Chances are you are reading this because you just got your first jumping spider or considering to get one. I have good news for you, it is very easy to care for Phidippus Genus jumping spiders. You just need to follow few simple rules.
In this article I will try to cover main mistakes new keepers make and will advise on checklist to go through to make sure you are all set. I will also provide optimal setup and care for your spider.
General facts about Phidippus Jumping spiders:
- Phidippus regius is largest species of a Jumping spider in North America.
- Adult spider size range from 6 to 22mm, generally females will be larger but it is not a rule.
- Males will always have black and white colouration with green/blue “fangs”.
- Females colouration will vary greatly from black and white to brown and bright oranges, depends on locale but some of locales can have different coloured females in same clutch.
Starter setup check list
To set up Phidippus regius spiderling you will want to go as simple as possible to begin with. While it is tempting to have large enclosure with a lot of decorations and bioactive substrate, it will pay off in a long run to have simple enclosure until Jumping Spider is larger.
1. Simple enclosure will be a plastic cup turned upside down (by keeping lid on the bottom of enclosure you will allow yourself to open it when needed without breaking spider web sack). Keep in mind the spider will very likely create its web sack on highest spot in the enclosure. Another good option is to use plastic smoothie cup with domed lid, just cover hole on the top of the lid with mesh. Enclosure is a very important aspect of jumping spider care.
2. Proper cross-ventilation can be achieved by poking small holes on perimeter of enclosure or cut out holes on opposite sides of enclosure and cover them with fine mesh.
3. Decorate enclosure with couple fake leaves glued to side of tub, remember to keep it simple so you are able to find spider when needed. Jumping spiders don’t require hiding place as much as most arachnids and will often make their web-sacks in the middle of open space.
4. Humidity can be achieved by light mist on the side of enclosure. You want to have small water drops to remain on enclosure walls for spider to drink from. Please make sure drops are not larger than about quarter of the size of your first jumping spider. Surface tension of water can be deadly for spiderlings. If your ventilation is correct, water drops will remain on side of enclosure for rest of the day, but evaporate next day.
5. Feeding your Jumping spider is one of the best parts of keeping one!
Offer food to a spider every couple of days. Do not feed if spider closed itself in thick web sack as it is most likely getting ready to moult. Chances are you will have to start with fruit flies, but make sure to switch to a larger prey once spider is large enough. Good rule of thumb is – if spider attempting to catch second fly while first is still in the mouth, it is time to offer something bigger.
At some point of a spider development it will stop seeing fruit flies as food source and will not attempt feeding on them even if it will staving, so make sure you switch to bigger prey as soon as possible. Appropriate size of prey for Phidippus regius jumping spider will be ¾ to 1.5 of the size of a spider. Just keep an eye on it if offering something large. See more about different prey items in Care sheet.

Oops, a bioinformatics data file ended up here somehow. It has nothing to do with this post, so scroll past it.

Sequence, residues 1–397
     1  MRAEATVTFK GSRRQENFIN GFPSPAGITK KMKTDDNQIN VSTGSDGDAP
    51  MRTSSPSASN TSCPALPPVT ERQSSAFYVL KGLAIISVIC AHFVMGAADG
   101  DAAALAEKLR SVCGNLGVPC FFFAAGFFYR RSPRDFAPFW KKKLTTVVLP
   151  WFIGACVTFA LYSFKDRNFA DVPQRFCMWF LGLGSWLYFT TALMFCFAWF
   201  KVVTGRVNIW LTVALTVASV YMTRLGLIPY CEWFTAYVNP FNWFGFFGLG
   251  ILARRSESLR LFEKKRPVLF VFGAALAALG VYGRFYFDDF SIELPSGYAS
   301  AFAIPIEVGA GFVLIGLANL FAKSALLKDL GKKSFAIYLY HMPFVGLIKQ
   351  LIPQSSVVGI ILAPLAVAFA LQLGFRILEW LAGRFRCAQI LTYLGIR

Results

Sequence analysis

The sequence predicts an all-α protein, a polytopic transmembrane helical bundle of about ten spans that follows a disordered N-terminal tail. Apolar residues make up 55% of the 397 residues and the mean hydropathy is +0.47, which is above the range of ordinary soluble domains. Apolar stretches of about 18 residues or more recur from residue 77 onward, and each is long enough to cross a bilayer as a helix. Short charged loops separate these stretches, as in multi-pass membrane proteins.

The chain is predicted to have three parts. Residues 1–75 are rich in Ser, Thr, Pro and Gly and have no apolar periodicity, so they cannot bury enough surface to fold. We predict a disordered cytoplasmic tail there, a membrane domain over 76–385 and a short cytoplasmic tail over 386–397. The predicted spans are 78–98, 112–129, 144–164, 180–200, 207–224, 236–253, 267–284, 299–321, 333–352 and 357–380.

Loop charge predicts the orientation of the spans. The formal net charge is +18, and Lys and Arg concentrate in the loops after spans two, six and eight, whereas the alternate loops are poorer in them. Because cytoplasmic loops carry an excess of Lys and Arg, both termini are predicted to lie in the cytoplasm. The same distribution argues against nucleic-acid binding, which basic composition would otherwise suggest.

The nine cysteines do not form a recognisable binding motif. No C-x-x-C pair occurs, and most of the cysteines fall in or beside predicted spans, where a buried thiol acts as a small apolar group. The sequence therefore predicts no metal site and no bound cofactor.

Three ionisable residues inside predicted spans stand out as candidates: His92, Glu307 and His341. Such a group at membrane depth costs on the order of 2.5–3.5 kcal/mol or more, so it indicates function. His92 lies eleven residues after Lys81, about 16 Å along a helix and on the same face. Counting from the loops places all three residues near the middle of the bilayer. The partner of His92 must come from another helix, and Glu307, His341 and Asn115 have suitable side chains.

6. Correct lighting is one of the most important aspects of jumping spider care. They love it BRIGHT. It is very important to provide plenty of light during the day for your spider. Without correct lighting spider will go off food. Therefore it will spend most of the time in its sack waiting for conditions to change for better. I had multiple breeders asking me to troubleshoot why spiderlings they are raising dying and not eating. In most of the cases – light was the answer. I recommend setting up LED light just over spider enclosure with 12h on/off schedule. However you can just set enclosure in bright part of the room.
1. Too high humidity – Phidippus spiders like it dry, but need access to drinking water
2. Prey left inside enclosure. NEVER (unless you have A LOT of experience with Jumping spiders) leave any live prey inside spider enclosure. While there are few insects harmless to a spider, there is still a chance spider will be stressed enough to go through a bad moult due to buzzing flies, crickets and roaches left in enclosure.
3. Setting enclosure on heat mat or by the window. Try not to overheat jumping spider, heat mats do not provide steady temperatures, even with thermostat and bright sunlight can easily raise temperature of enclosure to over 40C. Jumping spiders prefer temperatures between 26C and 32C, but can do well in 21C-25C. It is better therefore to keep it low than risk overheating.
4. Checking on a spider while it is in premoult. It can be stressful if your spider is hiding in web sack for week or two, but please be patient. Do not try to poke it to see if it is alive. Just get more Jumping spiders if you want to maximise your odds to have at least one available to play at a time
Don’t forget to check out other articles in Jumping spider care sheet section of this website!
If you are considering of buying one please have a look at all available Jumping Spiders you can buy from us or simply drop us an email if you have any questions.